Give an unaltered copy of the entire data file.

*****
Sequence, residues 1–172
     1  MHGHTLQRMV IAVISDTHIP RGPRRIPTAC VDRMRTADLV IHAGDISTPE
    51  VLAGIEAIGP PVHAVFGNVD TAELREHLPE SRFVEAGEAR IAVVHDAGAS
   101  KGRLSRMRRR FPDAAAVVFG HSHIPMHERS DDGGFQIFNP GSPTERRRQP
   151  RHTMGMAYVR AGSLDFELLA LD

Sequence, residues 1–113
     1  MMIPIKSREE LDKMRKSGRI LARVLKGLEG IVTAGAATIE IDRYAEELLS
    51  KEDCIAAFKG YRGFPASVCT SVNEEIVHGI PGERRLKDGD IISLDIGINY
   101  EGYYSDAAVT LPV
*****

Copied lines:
Sequence, residues 1–172
     1  MHGHTLQRMV IAVISDTHIP RGPRRIPTAC VDRMRTADLV IHAGDISTPE
    51  VLAGIEAIGP PVHAVFGNVD TAELREHLPE SRFVEAGEAR IAVVHDAGAS
   101  KGRLSRMRRR FPDAAAVVFG HSHIPMHERS DDGGFQIFNP GSPTERRRQP
   151  RHTMGMAYVR AGSLDFELLA LD

Sequence, residues 1–113
     1  MMIPIKSREE LDKMRKSGRI LARVLKGLEG IVTAGAATIE IDRYAEELLS
    51  KEDCIAAFKG YRGFPASVCT SVNEEIVHGI PGERRLKDGD IISLDIGINY
   101  EGYYSDAAVT LPV